Stainless Steep Scrap VS Nickel Pig Iron
For more than ten years, there has been a dramatic discrepancy in the stainless steel sectors of Europe and Asia. Specifically, Europe's production of the crucial metal has been characterised by extensive use of stainless steel scrap, as opposed to the continued rise in the amount of nickel pig iron (NPI) used as feedstock for melt-shops across Asia.
This discrepancy appears to be narrowing, according to experts in attendance at the 2023 International Business Summit of the Materials Recycling Association of India (MRAI), which recently took place in Bangkok, Thailand on the 21st and 22nd of August.
One of the panellists was Tobias Kaemmer, who is the CEO of the Oryx Stainless Group based in the Netherlands. Kaemmer pointed out that the current stainless steel output of Europe is based on a massive 94% scrap content, representing an increase of around 55% since the founding of the company three decades ago.
Ten years ago, the Oryx Stainless Group established operations in Thailand; this decision was made for numerous reasons, one of which was because of the 'global regionalization of stainless production, with Europe having a “protective system” involving duties and tariffs surrounding its stainless steel sector'. During these ten years, Asia's stainless steel industries boomed, with the majority using NPI, sourced from mined material, in their melt shops.
Kaemmer pointed out that the nature of protective systems in Europe is changing, with the focus shifting away from 'across-the-board duties' in favour of Carbon Border Adjustment Mechanisms (CBAM). Such a mechanism would only place these substantial duties on metals that create a high carbon footprint in their process of production.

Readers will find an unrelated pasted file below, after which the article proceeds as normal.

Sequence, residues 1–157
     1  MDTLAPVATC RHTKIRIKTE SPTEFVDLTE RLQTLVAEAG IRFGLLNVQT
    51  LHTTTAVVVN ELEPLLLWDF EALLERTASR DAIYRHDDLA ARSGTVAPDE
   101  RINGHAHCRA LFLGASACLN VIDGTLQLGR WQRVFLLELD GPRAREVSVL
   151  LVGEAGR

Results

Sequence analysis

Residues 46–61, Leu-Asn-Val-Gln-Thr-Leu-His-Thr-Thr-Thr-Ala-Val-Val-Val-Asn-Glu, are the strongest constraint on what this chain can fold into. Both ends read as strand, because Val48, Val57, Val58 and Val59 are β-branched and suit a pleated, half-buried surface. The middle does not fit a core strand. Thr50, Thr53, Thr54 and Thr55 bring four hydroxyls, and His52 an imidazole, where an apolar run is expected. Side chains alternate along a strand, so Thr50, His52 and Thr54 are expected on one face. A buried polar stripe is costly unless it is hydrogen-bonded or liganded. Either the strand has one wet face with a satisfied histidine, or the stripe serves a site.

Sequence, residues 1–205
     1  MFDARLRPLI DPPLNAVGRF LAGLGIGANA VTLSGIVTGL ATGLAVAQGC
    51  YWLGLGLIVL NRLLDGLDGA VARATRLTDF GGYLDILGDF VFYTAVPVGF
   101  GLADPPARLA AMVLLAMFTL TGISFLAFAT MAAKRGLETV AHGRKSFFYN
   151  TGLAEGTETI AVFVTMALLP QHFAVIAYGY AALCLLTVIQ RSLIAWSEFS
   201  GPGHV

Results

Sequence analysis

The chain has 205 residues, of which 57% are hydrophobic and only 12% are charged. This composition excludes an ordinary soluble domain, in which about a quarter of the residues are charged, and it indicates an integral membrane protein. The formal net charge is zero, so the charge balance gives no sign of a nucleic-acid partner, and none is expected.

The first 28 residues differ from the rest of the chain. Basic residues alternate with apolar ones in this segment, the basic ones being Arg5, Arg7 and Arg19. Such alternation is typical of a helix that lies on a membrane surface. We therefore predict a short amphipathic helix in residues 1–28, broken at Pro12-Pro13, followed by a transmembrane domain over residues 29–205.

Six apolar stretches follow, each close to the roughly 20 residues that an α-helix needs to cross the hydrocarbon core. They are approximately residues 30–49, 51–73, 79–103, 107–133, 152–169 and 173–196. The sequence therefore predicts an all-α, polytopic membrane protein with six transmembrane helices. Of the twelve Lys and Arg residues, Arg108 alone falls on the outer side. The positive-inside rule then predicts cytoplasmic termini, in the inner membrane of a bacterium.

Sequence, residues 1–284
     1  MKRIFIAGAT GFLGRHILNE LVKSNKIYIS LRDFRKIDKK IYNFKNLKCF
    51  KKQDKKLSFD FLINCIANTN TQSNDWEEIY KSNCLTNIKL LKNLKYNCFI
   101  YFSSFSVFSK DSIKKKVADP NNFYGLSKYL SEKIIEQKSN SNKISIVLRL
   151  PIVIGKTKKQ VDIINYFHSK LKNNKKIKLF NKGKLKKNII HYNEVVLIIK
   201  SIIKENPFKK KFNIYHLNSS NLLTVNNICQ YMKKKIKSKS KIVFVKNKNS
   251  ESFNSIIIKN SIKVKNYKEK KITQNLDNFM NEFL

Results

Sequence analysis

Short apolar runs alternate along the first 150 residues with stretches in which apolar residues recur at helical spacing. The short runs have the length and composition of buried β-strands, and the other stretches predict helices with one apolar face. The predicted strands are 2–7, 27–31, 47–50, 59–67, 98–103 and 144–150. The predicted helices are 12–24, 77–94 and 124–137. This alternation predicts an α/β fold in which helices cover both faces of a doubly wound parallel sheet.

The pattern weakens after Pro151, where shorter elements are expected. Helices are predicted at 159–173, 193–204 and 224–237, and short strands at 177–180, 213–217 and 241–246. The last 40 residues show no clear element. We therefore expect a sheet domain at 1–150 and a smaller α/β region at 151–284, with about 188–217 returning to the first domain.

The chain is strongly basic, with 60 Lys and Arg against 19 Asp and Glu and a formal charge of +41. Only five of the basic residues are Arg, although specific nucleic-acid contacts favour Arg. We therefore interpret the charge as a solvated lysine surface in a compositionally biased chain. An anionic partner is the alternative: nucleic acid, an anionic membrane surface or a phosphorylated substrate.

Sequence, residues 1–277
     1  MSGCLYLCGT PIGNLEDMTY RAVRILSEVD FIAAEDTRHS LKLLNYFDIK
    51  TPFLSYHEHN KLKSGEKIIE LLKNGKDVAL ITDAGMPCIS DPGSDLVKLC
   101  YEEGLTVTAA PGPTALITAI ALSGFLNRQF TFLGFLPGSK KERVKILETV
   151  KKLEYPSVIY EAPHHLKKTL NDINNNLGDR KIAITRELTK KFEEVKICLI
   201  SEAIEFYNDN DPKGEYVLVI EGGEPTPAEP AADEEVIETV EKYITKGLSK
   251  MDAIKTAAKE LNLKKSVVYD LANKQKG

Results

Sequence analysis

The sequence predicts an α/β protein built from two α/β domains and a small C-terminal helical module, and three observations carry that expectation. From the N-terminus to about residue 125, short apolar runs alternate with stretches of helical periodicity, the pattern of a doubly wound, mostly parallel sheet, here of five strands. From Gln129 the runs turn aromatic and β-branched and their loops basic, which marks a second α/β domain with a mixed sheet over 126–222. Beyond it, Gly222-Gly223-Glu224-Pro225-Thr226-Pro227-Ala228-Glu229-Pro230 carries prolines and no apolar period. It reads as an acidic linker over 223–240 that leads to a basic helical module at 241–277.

The CBAM on stainless steel production, which includes a detailed auditing process, could come into effect as soon as this October, a fact that is 'already prompting big ticket investments' according to Kaemmer. As a relevant example, he identified Italian rolling mill operator Marcegaglia as purchasing a scrap-fed stainless steel melt shop here in the UK in 2022. He also pointed out that Tsingsha Steel, a company based in China that has historically relied on the use of NPI, is set to open a scrap-based production line.
Vishal Wadwha, representing India's Jindal Stainless at the MRAI summit, predicted that the global endeavour to reduce carbon emissions would 'lead to a resetting of market prices of key raw materials, including both NPI and stainless steel scrap'.
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